Pastas, whole grains, fruits, vegetables, milk, ice cream, candy, cakes, cookies, pretzels, the list goes on and on. These are carbohydrate foods and we love to eat them. However, carbohydrates have the greatest effect on your blood glucose.

When you eat carbohydrates, they are turned into glucose and used for energy now, or stored in your cells for later use. Fifteen minutes to one and a half hours after you eat carbohydrates, your blood sugar, also called blood glucose, will rise.

If your blood glucose is often high, over time, you are at an increased risk for long-term health problems including heart disease, stroke, eye disease, kidney disease and amputation.

Your body needs the energy that carbohydrates provide, so cutting them out is not an option. Instead, you can learn to better control the amount of carbohydrates you eat, what types of carbohydrates you eat and when you eat them, to help prevent high blood glucose and the long-term health problems it can cause. This is called carbohydrate counting.

To begin carbohydrate counting, meet with your diabetes care team. Together, you will determine how much carbohydrate you should have at each meal and snack based on your age, health, medications and daily routines. This is called your meal plan.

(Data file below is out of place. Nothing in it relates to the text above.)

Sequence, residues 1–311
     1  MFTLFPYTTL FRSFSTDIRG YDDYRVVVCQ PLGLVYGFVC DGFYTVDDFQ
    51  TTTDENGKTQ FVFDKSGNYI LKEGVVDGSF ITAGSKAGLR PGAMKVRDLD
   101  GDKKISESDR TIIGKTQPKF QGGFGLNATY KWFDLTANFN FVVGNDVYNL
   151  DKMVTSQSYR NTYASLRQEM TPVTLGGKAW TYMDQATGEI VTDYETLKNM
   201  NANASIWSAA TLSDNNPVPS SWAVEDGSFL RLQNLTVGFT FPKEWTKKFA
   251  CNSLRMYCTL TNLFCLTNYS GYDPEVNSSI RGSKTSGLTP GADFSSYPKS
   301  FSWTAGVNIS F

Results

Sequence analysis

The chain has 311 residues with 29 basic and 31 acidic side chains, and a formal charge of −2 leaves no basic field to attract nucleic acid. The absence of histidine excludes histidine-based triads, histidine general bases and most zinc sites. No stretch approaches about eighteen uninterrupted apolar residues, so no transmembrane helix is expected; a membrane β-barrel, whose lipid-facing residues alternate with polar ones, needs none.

Carbohydrates are measured in grams. One serving of carbohydrate is 15 grams. To find out how much carbohydrate is in the different foods you eat, read the food label. Other tools such as websites like calorieking.com and nutritondata.com; as well as apps for your tablet or smartphone like MyFitnessPal and CalorieKing can also help you understand the amount of carbohydrates in different foods.

Then, based on the number of carbohydrates in the foods you eat, you can see whether the foods you choose fit into your meal plan. For example, if your meal plan suggests you aim for about 45 grams of carbohydrate at lunch, take a look at a typical lunch you eat and count the number of carbohydrates.

If you eat a turkey sandwich with lettuce and tomato on 2 slices of whole grain bread, 1 cup of apple slices and a glass of non-sweetened iced tea, the total number of carbohydrates in this meal is about 45 grams and fits into your meal plan. But, if you decide to add 2 chocolate chip cookies to your meal you add another 23 grams of carbohydrate, putting you over your lunch time target and raising your blood glucose.

When carbohydrate counting, be careful to count the amount of carbohydrates based on the serving size you actually eat and not just the amount on the food label. For example, a serving of Chex Mix contains 22 grams of carbohydrate. But that is for a ½ cup portion. If you eat more than that, remember to increase the number of grams of carbohydrate you count. It can make a big difference and will affect your blood glucose level.

Carbohydrates affect your blood glucose. To better control your diabetes and still enjoy carbohydrate foods, begin to carbohydrate count. Meet with your diabetes care team to set up a meal plan and begin to understand the amount of carbohydrates in the foods you eat to keep your blood glucose in your target range.

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